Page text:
For a long time, too much time within the 5 year span of my blogging, I questioned whether I belonged in certain communities where more seasoned, professional writers would gather.
At some point blogging shifted away from being seen as this superfluous, casual hobby to something of value and worthy of consideration and merit. Those of us who embraced it as a career and acted so began to get on lists that were, until then, reserved for journalists. The tension in the air would often be so thick that you couldn’t help but notice. I had many conversations where journalists would question what it was I did…and how I made my money.
I hesitated for a very long time to call myself a writer. Though people were paying me to do just that. Though I often did so on an award-winning site – my own. But I felt that because I didn’t go to journalism school, and I didn’t dedicate hours upon hours to said career – although one could argue that in pursuing public relations, which is essentially under the same umbrella, and was basically in the same building as a lot of these courses in college, I dedicated some hours – I didn’t feel calling myself a writer was something I deserved, it was not a group I belonged to. I put out a lot of fires this way, “Oh no, I wouldn’t dare call myself a writer,” I would say to a questioning journalist, and I would see the seething judgement calm itself in their eyes. I knew my place. I was clear as to where I belonged.
But as time went by I started realizing that I was living a lie and denying myself credit that others were giving me. In my effort to let it be known that I respect the skill and those who have dedicated their lives to it, as well as trying to make it clear I was not trying to become a threat to anyone’s job, I was denying myself the recognition of growth and development I was going through. I was minimizing the value of my own efforts and of my work and of my career – simply because I didn’t have a diploma from journalism school.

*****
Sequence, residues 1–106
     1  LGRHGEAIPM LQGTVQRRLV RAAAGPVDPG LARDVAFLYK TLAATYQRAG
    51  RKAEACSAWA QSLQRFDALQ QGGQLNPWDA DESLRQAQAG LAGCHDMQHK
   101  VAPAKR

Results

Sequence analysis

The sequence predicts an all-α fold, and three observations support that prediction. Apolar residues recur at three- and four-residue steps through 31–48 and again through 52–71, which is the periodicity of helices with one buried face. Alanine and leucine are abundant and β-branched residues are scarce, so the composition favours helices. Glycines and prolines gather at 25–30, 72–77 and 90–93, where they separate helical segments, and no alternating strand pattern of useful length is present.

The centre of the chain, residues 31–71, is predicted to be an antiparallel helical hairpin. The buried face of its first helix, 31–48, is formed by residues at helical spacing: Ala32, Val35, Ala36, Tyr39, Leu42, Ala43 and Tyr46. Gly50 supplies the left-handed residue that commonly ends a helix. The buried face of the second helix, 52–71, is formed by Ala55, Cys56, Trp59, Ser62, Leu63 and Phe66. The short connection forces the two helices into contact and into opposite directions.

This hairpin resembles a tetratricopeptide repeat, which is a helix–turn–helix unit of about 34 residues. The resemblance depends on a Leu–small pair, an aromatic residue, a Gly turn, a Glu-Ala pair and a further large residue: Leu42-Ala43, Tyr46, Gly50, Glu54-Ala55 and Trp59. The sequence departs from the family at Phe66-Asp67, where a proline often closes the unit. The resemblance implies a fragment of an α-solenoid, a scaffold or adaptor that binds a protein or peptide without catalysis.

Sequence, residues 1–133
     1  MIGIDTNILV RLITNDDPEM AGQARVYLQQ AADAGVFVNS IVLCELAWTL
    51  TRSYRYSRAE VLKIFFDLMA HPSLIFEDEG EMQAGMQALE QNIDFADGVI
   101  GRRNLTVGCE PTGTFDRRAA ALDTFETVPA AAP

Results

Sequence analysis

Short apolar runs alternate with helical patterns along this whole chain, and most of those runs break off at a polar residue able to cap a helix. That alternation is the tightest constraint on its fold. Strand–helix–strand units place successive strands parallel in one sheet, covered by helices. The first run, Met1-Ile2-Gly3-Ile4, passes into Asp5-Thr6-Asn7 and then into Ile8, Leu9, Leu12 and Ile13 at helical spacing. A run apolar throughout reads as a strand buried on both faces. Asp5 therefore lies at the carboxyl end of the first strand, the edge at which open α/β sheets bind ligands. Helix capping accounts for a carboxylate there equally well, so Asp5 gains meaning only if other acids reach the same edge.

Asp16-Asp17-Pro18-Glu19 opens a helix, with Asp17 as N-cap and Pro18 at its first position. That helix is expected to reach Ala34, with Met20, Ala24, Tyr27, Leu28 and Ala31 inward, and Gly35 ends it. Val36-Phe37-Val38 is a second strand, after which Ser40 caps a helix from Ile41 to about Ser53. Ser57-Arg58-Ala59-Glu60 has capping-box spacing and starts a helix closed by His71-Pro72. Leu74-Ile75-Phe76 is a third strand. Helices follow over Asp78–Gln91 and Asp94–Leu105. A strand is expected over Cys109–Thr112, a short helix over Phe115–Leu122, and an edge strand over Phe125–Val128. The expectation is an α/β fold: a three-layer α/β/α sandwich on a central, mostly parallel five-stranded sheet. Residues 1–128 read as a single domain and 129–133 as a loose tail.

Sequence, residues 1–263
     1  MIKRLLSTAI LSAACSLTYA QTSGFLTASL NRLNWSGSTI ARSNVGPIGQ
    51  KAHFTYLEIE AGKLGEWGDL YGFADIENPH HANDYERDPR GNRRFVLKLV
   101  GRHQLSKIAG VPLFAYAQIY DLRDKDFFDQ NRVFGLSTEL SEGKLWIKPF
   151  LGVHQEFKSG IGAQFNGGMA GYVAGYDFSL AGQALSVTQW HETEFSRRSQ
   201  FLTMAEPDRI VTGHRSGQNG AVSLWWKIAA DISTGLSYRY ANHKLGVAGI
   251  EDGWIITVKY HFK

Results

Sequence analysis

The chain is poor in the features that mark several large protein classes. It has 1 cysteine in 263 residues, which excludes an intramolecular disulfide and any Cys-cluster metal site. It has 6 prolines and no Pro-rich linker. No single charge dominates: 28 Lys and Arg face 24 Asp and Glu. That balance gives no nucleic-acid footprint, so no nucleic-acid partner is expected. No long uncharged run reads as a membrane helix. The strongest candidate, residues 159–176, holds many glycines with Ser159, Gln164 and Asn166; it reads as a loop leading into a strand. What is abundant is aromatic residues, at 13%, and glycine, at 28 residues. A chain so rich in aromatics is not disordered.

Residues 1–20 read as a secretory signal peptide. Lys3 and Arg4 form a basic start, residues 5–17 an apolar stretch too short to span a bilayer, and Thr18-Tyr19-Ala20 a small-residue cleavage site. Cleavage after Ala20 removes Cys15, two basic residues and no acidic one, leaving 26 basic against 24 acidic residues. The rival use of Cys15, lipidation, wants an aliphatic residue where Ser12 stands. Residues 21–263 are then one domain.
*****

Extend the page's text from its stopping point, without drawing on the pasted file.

I began to accept who I had become professionally and acknowledge that I was not only a writer, but a good one. And though I am forever working on becoming better, and love the editors for whom I work (because, seriously, we could all use a good editor!), I don’t deny myself credit due to make someone else feel comfortable with the changing landscape and their place in it.
I have met many trained journalists who have wholeheartedly embraced new media and me. I have met a few who are critical and dismissive, but they are so few in comparison to those whom have taken me under their wing, engaged me, and mentored me. They have looked at my work and have embraced me as a fellow writer, and it has been an incredible experience and a great lesson learned.
So yesterday, when a photographer decided to accuse me of “lacking any real knowledge in photography” and “trolling photography boards”, I reverted for a moment to my old self and allowed the voice that told me I didn’t belong to invade my mind.
Foggy morning. Image from my iPhone
But, here’s the thing: I am not a professional photographer, though my photography has been used in publications as far as OK magazine in Germany and my work as an event photographer has been paid. Photography is something I enjoy and take very seriously, as I know that it, along with my writing, helps me convey to my readers the story and journey I want to share.
I don’t know anything about aperture, or f/stop or ISO, though I am trying to learn.
All I know is that I love taking photos and though the camera I use may be what brands call “a camera targeted for moms”, the images I take with it, to me, feel like capturing a piece of very special moments and places – images that have caused people to say how I have “transported” them, “inspired” them, or brought back happy memories.
Dancing in the rain. Costa Rica.
I am not really sure that I can bring myself to call myself a photographer just yet because I hold such high standards for myself in everything I do and am my harshest critic. I still feel like there’s too much I don’t know to even say that. But one thing I do know and that is that I do belong. Like you, I belong where ever my passion takes me. My wanting to learn and surround myself with those who are pros and who can motivate me is not my “trolling”, but my observing, learning, and growing.
For now, I am just someone who really, really loves photography, takes some really nice shots, and is trying hard to learn as much as she can to continue to improve on it. And if my journey into a career as a professional writer has proven anything, it is that when I set my heart and mind to something, there’s no limit to what I can do, whether people want me there or not.
Header photo courtesy of Kris Poling Mulkey